Charles Loud equipped himself with a loaded gun and shot his “rival” for Helen’s favors twice, the second shot to Philip’s head. After learning more about Loud’s behavior, both before and after the murder, I’m skeptical of the assertion that Loud’s first shot was intentionally aimed over Fitzpatrick’s head “to warn him.”

Loud was held by law enforcement, and went to trial for Philip’s murder in August 1895. He had a sympathetic judge and was acquitted.[ref] Loud continued to practice law and engage in land schemes, even managed a banana plantation in Honduras. He got to die of natural causes in 1927 at age 74.

Charles Loud’s legal wife, Rebecca Ann (McGregor) Loud, died in 1901 and in the decades that followed, Charles is found with a variety of “wives” on census records and newspaper notes. None was the woman over whom he killed a man. Helen Stockton, aka Emily Lazelle, the “Gaiety Girl,” or “vamp of Savannah,” if you will [7], likely changed her name again and disappeared.

 

The tragedy was doubled for Philip’s Fitzpatrick’s Lowell family

In the second headline about the Fitzpatrick murder in the Lowell Daily News, the last line reads,Father and Cousin of Dead Man Go After the Body.” It’s a clue to the next awful thing to happen to my Lowell, MA ancestral folks. I’ll share the fresh bad news with you in my next post.

Advertisement for the Hotel Charles in Lowell, MA

Lowell’s St. Charles Hotel, with the “best service in the city,” was young Phil Fitzpatrick’s first employer. Here he learned of a world beyond Lowell’s textile mills. [8]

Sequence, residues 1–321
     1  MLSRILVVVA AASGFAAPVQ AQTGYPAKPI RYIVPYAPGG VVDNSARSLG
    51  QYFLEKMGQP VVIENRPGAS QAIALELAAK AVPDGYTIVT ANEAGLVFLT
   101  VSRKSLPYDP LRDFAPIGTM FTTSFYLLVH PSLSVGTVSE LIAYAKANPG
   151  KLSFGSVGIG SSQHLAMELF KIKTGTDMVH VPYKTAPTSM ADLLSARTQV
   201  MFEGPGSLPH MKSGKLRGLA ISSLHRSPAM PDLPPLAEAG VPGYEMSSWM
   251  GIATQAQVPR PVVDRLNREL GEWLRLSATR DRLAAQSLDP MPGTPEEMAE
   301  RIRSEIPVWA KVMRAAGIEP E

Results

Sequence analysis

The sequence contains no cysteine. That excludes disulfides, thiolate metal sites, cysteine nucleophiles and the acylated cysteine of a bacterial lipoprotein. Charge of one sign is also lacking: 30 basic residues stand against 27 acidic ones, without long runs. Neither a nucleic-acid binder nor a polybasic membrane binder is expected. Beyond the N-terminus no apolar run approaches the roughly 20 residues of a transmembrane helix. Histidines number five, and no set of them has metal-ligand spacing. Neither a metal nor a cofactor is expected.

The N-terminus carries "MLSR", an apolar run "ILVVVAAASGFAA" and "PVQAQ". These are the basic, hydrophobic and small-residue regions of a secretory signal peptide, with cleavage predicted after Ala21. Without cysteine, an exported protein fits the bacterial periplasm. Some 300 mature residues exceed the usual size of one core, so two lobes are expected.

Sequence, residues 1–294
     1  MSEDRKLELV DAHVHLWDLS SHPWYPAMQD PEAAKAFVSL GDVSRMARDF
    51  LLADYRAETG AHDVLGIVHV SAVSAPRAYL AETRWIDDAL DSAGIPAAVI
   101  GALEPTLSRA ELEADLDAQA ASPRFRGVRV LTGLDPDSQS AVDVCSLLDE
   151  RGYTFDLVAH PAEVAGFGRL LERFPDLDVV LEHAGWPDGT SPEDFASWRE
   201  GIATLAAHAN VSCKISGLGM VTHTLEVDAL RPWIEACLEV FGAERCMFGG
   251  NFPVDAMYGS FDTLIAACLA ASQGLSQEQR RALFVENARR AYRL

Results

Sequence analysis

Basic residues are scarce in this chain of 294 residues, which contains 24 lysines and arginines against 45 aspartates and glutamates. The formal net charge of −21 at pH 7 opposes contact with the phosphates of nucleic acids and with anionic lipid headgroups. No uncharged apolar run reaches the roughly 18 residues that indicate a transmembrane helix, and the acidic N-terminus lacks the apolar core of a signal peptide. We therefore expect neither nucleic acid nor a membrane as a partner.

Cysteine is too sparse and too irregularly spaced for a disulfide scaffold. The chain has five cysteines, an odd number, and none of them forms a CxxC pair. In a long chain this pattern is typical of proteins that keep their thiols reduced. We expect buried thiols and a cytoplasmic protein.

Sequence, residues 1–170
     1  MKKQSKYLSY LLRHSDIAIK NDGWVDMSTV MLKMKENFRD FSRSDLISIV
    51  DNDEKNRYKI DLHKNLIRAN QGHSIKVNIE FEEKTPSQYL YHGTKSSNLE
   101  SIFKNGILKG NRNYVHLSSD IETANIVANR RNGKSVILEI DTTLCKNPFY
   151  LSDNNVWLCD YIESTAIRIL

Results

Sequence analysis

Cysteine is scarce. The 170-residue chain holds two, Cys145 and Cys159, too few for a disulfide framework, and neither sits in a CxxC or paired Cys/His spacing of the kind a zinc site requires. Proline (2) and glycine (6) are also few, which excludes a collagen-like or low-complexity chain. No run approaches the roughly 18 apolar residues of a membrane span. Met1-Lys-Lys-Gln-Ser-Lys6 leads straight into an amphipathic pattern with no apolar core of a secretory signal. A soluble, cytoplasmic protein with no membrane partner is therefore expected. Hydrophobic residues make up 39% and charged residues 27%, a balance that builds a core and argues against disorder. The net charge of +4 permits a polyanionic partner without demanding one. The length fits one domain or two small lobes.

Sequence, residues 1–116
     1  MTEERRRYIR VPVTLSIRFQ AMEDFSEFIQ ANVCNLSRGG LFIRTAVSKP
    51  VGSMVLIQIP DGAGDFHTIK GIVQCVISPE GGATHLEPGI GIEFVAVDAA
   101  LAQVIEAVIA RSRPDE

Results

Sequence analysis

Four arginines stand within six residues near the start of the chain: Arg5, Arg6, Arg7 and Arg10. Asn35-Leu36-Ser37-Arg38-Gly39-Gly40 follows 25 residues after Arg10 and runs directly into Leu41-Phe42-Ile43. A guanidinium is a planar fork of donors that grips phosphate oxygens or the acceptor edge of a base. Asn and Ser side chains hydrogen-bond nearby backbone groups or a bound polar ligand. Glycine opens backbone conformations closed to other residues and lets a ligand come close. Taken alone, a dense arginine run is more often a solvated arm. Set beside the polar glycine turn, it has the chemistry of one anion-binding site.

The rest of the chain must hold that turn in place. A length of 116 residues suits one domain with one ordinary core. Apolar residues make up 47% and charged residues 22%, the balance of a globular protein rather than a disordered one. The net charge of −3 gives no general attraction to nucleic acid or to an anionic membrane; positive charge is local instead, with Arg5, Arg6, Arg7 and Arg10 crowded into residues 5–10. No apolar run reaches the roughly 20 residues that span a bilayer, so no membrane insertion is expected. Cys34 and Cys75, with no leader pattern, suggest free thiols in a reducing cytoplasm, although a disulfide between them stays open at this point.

References:

[1] GenealogyBank; Evening Star (Washington, DC); 26 Aug 1895; Col. Loud Acquitted.

[2] Picture credit: Anna Held (v 1877? – 1918); Digital ID: (digital file from intermediary roll copy film) var 0179 http://hdl.loc.gov/loc.pnp/var.0179; Repository: Library of Congress Prints and Photographs Division Washington, D.C. 20540 USA; http://hdl.loc.gov/loc.pnp/pp.print

[3] Evidence for Charles D. Loud’s questionable character includes the following:

  • Charged with opening letters…held for examination before the United States commissioner. Columbus Daily Enquirer (Columbus, GA), Wednesday, Dec 15, 1886.
  • A Tragedy at Thunderbolt. Head of a syndicate that tried to sell 400,000 acres…to Gov. Northern’s old soldiers’ colony. Columbus Daily Enquirer (Columbus, GA), Thursday, June 6,  1895.
  • Alleged Mexican Swindle. Macon Telegraph (Macon, GA), Monday, May 8, 1911.
  • Sheriff Brings Lawyer [Loud] Into Court To Try Case. Beaumont Enterprise (Beaumont, TX), Friday, June 2, 1911.

[4] Ancestry.com; Original data: United States of America, Bureau of the Census. Twelfth Census of the United States, 1900. Washington, D.C.: National Archives and Records Administration, 1900. T623, 1854 rolls. Year: 1900; Census Place: Mount Vernon, Montgomery, Georgia; Page: 1; Enumeration District: 0079.

[5] In addition to the 1900 US Census enumeration above, Find A Grave MEMORIAL ID 77229130 shows the couple’s son, John McGregor Loud who died in 1886; also MEMORIAL ID 77229158 for Rebecca Ann McGregor Loud who died in 1901.